Just one week after a House State Government committee asked for a full study on body camera footage, a reporter in Sevierville continues to struggle to access police camera footage from a Jan. 13 fatal police shooting there.
The reporter, Jeff Farrell of The Mountain Press, did what any good reporter would do after a sheriff’s deputy shot and killed a fleeing suspect. Knowing that the Sheriff’s Department had equipped deputies with body cameras, Farrell requested any dash cam or body cam footage of the incident.
The Sheriff’s Department, however, said it would not or could not release footage, saying it had turned over investigation into the incident to the Tennessee Bureau of Investigation. TBI also would not release the police shooting video, citing its exemption from the Tennessee Public Records Act that allows all TBI investigatory files to remain confidential during and after the investigation.
TBI had said that preliminary information indicated that the suspect Brandon Bearden, who was wanted on charges including assault of an officer, brandished a gun as he fled on foot after a car chase.
Sevier County Sheriff Ron Seals put the deputy back on duty the week of March 18, saying “He was cleared as far as I was concerned, and they just kept on and kept on and wouldn’t do nothing.” The following week, TBI gave its investigative results to the district attorney, Ferrell reported in his most recent story (Sheriff: Deputy involved in shooting back on patrol).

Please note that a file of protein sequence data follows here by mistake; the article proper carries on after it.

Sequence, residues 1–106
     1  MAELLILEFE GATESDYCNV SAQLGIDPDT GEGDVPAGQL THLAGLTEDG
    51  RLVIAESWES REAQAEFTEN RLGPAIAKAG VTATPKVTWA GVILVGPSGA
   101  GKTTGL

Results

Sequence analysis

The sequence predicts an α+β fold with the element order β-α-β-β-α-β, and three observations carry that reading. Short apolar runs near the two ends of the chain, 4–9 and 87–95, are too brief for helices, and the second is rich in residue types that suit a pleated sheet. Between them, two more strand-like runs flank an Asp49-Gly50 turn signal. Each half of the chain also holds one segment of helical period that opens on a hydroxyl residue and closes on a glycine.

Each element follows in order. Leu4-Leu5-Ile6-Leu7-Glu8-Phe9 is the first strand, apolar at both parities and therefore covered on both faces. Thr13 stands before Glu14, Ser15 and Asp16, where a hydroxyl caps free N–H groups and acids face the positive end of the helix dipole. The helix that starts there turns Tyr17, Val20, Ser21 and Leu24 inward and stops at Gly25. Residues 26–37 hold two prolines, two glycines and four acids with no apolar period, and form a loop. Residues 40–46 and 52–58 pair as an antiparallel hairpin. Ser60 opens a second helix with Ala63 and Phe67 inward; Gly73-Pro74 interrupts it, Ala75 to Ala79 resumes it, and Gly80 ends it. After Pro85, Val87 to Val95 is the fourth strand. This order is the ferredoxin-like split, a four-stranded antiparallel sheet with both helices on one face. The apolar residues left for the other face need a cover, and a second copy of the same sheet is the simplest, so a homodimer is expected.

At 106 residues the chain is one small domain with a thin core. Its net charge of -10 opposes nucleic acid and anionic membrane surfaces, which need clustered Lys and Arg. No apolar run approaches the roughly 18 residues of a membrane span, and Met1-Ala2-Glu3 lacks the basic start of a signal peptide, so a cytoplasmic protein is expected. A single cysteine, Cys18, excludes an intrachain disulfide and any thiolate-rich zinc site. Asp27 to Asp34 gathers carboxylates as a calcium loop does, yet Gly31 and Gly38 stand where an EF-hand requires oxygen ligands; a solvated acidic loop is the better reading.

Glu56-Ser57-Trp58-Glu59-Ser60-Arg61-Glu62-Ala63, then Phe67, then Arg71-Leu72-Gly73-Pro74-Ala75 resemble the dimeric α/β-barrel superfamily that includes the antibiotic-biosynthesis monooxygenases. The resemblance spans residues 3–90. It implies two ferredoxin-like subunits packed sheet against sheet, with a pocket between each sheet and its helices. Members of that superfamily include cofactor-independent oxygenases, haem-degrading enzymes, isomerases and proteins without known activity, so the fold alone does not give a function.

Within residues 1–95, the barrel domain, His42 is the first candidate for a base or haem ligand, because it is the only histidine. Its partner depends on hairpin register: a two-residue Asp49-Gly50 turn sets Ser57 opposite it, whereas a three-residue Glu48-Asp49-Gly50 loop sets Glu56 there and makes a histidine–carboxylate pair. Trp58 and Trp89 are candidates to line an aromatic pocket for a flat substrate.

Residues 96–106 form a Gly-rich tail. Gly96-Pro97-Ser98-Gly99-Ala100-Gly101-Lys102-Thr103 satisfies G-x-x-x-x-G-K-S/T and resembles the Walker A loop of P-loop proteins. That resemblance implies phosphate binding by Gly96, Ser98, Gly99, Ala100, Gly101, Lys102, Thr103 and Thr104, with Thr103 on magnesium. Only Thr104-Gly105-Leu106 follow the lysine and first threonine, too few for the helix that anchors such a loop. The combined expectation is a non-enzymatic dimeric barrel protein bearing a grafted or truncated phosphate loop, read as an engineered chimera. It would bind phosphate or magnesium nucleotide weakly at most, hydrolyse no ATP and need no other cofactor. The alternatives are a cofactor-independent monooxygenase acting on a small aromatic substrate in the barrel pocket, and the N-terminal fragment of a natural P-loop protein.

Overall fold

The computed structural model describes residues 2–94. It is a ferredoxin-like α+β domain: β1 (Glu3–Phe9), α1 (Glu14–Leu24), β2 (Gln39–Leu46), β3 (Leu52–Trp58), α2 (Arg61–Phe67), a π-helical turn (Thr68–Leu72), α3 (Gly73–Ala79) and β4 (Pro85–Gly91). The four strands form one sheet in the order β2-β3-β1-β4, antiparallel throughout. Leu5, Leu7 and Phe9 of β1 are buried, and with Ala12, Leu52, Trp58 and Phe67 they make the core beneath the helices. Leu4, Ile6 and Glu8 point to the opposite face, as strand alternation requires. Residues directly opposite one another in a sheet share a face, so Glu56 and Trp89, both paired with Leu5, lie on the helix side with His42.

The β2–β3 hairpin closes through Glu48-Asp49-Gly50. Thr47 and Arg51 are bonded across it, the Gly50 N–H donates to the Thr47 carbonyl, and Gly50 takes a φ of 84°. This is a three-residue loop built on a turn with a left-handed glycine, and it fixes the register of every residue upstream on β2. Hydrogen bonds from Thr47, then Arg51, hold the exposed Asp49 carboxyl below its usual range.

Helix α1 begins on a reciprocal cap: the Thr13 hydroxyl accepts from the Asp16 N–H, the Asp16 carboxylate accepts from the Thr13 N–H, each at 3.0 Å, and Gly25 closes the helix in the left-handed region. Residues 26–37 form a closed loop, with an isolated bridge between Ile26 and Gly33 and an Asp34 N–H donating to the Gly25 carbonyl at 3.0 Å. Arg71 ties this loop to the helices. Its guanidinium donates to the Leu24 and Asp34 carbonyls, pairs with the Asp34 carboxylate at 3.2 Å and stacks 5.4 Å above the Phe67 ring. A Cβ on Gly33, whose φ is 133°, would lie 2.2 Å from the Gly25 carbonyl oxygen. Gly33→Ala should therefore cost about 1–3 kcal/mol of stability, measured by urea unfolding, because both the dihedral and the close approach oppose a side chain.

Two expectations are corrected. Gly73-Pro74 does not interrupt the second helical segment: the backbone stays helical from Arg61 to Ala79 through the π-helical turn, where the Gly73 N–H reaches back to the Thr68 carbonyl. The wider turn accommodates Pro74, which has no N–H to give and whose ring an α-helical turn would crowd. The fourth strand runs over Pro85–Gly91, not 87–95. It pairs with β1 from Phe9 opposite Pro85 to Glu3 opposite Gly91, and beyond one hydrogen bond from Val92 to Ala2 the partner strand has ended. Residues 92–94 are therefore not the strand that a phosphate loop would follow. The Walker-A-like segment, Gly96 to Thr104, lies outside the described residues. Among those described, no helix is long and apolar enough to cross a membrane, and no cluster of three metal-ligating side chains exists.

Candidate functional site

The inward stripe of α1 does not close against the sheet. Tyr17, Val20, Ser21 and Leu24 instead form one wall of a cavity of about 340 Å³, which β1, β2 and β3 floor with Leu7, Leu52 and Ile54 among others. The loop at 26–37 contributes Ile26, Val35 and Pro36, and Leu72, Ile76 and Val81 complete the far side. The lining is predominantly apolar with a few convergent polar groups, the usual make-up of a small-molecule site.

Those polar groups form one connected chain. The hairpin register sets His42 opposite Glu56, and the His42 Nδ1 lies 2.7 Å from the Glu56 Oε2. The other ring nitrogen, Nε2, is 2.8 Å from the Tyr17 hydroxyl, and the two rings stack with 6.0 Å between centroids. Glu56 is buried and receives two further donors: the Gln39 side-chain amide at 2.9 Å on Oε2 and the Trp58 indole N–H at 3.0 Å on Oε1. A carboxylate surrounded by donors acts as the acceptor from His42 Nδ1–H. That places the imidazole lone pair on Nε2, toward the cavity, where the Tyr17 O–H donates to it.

As of yet, the district attorney has not announced plans to prosecute or not. Most fatal police shootings in Tennessee — if not all in recent years — have been ruled as a justifiable use of force by law enforcement and have not been prosecuted by the local district attorney. Seven people have been killed by Tennessee law enforcement so far in 2016, according to a Washington Post database that tracks them. In 2015, the number was 20.
7:45 p.m. 4-4-16 UPDATE from The Mountain Press, Deputy justified in fatal shooting: “A TBI investigation confirmed that a local man had drawn a gun and pointed it at Sevier County Sheriff’s Deputy Levi Morton before Morton shot him as he fled arrest earlier this year, District Attorney General Jimmy Dunn said Monday.”
But as police and sheriff’s departments across the state equip their officers with body cameras to provide more accountability, the public’s access to that video is in question, even when the investigation is over.
The access to body camera footage when there is a question about use of force — particularly lethal force — was one key reason that Tennessee Coalition for Open Government opposed a bill that blocked access to such footage for an undetermined amount of time.
In this case, it’s unclear if anyone will get to see any footage that might be related to the Bearden case. The Tennessee Bureau of Investigation told the reporter they would only release it under a subpoena or court order.